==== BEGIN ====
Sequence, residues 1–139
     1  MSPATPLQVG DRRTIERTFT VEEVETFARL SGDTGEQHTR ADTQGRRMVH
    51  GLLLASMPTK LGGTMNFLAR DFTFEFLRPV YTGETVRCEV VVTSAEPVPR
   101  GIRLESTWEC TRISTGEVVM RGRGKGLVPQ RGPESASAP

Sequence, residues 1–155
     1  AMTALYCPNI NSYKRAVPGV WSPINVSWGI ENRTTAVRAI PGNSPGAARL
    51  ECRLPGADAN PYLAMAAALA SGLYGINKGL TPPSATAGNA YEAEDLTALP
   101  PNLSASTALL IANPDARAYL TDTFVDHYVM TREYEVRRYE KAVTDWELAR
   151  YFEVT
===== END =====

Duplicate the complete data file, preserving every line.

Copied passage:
Sequence, residues 1–139
     1  MSPATPLQVG DRRTIERTFT VEEVETFARL SGDTGEQHTR ADTQGRRMVH
    51  GLLLASMPTK LGGTMNFLAR DFTFEFLRPV YTGETVRCEV VVTSAEPVPR
   101  GIRLESTWEC TRISTGEVVM RGRGKGLVPQ RGPESASAP

Sequence, residues 1–155
     1  AMTALYCPNI NSYKRAVPGV WSPINVSWGI ENRTTAVRAI PGNSPGAARL
    51  ECRLPGADAN PYLAMAAALA SGLYGINKGL TPPSATAGNA YEAEDLTALP
   101  PNLSASTALL IANPDARAYL TDTFVDHYVM TREYEVRRYE KAVTDWELAR
   151  YFEVT